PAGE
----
What to Expect in Court

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In California, spousal or partner support hearings take place in a courtroom in front of a judge or a commissioner. In the same courtroom there will also be a court clerk and a bailiff, and usually other people in the room. For example, there may be people waiting for their case to be heard.

Special Note:  The following are general guidelines.  The actual rules may be different in each court, so learn your county's local rules of court on trial procedures.

  • To find your county's court website, click here. Opens new window
  • Before the case is called, the former spouses or partners (or their attorneys) are to meet to exchange information and copies of any documents they have for the court. They also are to discuss what they want to happen, and see if they can reach any new agreements.
  • If the two former spouses or partners are able to agree to anything new, then when their case is called they are to let the judge know what issues they agree on and what issues they still need the court to decide.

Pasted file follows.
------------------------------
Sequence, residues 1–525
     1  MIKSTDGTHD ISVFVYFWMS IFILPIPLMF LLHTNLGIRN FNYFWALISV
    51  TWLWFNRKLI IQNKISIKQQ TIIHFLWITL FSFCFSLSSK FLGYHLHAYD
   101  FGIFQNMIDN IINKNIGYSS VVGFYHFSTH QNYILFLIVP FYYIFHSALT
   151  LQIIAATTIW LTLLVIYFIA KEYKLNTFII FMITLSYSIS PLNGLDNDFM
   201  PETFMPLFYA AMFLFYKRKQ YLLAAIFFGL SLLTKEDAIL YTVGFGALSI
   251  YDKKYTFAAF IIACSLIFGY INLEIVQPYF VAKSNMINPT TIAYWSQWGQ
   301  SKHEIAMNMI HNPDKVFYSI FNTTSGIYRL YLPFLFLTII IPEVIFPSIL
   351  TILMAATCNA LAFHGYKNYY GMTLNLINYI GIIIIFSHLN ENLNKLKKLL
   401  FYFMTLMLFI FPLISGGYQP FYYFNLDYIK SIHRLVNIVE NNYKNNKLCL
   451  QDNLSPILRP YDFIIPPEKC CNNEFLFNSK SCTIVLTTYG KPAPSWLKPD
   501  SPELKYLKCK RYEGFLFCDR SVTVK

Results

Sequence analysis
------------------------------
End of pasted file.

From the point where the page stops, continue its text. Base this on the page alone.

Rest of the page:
When the case is called, the judge will speak to each of the former spouses or partners, and any other people involved, and then make a decision about ordering support based upon many considerations. Some of those considerations are:

  • the standard of living established during the marriage or registered domestic partnership;
  • the age and health of both people,
  • how long they were married,
  • how much each earns or could earn on their own,
  • the expenses of each,
  • the number of children at home, and
  • how they handled their finances when they were together.

The judge will use (California’s Family Code, Section 4320) Opens new window as the basis for his or her decision.

At the hearing, the judge may also order:

  • medical support;
  • the costs of counseling, retraining, or education;
  • or other issues.

There may be more than one court hearing before the case is settled.

It is the responsibility of the people bringing the case to court to do all of the paperwork. When it is completed correctly and the judge has made a decision, he or she will sign a court order clearly stating what the decision is.

ALERT! The case is not finished yet. See "After the Hearing".


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